Children and Sex Trafficking: One Girl’s Story

Due to the graphic nature of this story, sensitive individuals should take caution. The truth is sometimes painful, but this story must be told.
January was Human Trafficking Awareness Month. For the first time in Mississippi, citizens were able to attend a seminar hosted by the state-wide organization, Advocates For Freedom. The main topic of this seminar was trafficking in minors. Guest speakers included Audrey Roofeh of the Polaris Project; Heather Wagner, Special Assistant to the MS Attorney General, and Ellaine Carr, a local Immigration Attorney. One day after the conference, a local woman stepped up to tell her story. She was a child victim of sex trafficking in South Mississippi.
There are two main types of trafficking: labor and sex. There is no doubt that Mississippi has seen its share of labor trafficking incidents. The US Equal Employment Opportunity Commission (EEOC) filed a lawsuit in 2011 against Signal International in Pascagoula. The lawsuit alleges that the company housed foreign workers in unsanitary cramped quarters with an inadequate supply of food, and withheld their documentation so that the workers could not leave without violating their H-2B Visas.
Also last year, a labor trafficking ring was discovered at Keesler Air Force Base. Three local contractors, Randall Weitzel, Edwood Brodtmann, Jr., and Agustin Arcadia pled guilty to the crime. It was then discovered that these men also used slave labor on the Dan M. Russell, Jr., U.S. Courthouse and Annex in Gulfport. The victims were housed at a rural plot of land owned by one of the contractors. When they were arrested, they abandoned the victims by leaving them with no transportation or documentation. He then began to use slave labor owned by one of his associates.
In September 2011, Michael V. Lombardi was indicted for the trafficking of foreign nationals at the Beau Rivage Casino, Aramark Corporation, Five Star Forestry of Hattiesburg, Southern Mississippi Pine Straw of Purvis, Royal Hospitality Services and US Opportunities LLC. The 3 count indictment states that the workers were recruited under false pretenses. The workers’ passports were confiscated, and some were forced to work for less than $3 per hour with unreasonably high production quotas, and many were made to live in a run-down trailer with no running water.
What many Mississippians may not be aware of, is the sex trade, especially the trafficking of children. With child pornography on the rise, and numerous arrests in the past few years, it’s important to recognize that children of all ages are the commodity bought and sold by pornographers. The state’s law states that children under the age of 16 cannot give consent to engage in sexual activity with an adult.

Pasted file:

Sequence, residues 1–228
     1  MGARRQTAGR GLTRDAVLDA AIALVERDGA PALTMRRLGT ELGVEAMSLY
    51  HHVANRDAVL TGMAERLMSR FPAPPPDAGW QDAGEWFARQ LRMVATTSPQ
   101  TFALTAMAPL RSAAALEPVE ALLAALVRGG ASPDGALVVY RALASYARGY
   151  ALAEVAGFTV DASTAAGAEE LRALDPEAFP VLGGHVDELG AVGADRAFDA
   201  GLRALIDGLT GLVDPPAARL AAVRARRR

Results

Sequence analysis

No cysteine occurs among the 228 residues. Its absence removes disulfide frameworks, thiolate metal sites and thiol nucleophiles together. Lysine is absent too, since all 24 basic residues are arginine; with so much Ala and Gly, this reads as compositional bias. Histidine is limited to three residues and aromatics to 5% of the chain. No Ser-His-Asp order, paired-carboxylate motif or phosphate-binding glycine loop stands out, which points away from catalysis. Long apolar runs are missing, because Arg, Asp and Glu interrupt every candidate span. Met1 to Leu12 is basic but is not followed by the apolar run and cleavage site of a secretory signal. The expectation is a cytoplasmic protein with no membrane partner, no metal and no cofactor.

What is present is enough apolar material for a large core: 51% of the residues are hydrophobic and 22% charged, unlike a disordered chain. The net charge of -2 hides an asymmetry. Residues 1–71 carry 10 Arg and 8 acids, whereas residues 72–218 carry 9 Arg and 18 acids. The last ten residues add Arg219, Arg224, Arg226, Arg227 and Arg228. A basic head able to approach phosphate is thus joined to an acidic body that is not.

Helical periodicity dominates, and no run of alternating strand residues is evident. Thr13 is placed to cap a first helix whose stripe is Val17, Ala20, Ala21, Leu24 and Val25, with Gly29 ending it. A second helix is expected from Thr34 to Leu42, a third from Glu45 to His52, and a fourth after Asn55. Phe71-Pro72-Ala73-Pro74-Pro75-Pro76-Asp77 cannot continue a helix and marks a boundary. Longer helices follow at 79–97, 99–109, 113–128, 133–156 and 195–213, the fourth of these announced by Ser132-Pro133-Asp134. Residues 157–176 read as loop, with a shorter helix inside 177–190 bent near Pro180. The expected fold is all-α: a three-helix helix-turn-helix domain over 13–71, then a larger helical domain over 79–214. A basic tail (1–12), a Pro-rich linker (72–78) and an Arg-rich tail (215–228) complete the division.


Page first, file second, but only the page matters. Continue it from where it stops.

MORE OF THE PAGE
According to the US Department of State, it is estimated that nearly one million children are lured into prostitution every year in the United States. The average age of these children at the time they enter the illegal sex trade is twelve. Many come from broken homes while many are from loving and caring families. The statistics also show that the average child molester can have upwards of 400 victims over his/her lifetime.
The ugly truth is that American children are being exploited and abused in the most egregious manner, and unscrupulous people profit from their misery. Trafficking in children is only second to drug and weapons trafficking when it comes to the money being made. And unlike drugs or weapons, a child can be bought and sold several times. The children may be forced to have sex with as many as 20 customers a day.
The January seminar held at Steps Coalition in Biloxi painted a picture for attendees of the seriousness of minor sex trafficking. One young woman who came forward the day after the conference to share her story, can attest to the process by which a child is groomed and then exploited for sexual purposes. For this story, we will call this woman “April.” She was born and raised on the Mississippi Gulf Coast.
By the age of seven, April had spent the better part of her childhood locked in a closet by her drug-addicted mother. She was permitted to leave the closet if she did housework and other errands. “She would send me back to the closet telling me how useless I was,” April said. At seven years old, things began to change. Her mother had a live-in boyfriend who was also her drug supplier. Aiming to please, April’s mother told the boyfriend she could use her daughter for handy work, “or whatever,” she said. “When mom passed out after taking some drugs, her boyfriend would sneak me out and give me candy and take me places.” This is called “grooming” by trafficking advocates. The trafficker shows affection to a vulnerable child to build trust. Groomers are very good at choosing likely victims – Children who have been neglected or abused, runaways, and teens seeking attention, father figures, and employment opportunities are the most targeted. April grew to look forward to those times when her mother’s boyfriend and she could share a piece of pizza or a milk shake. “I used to wish sometimes that he would let me call him ‘Daddy’,” she said.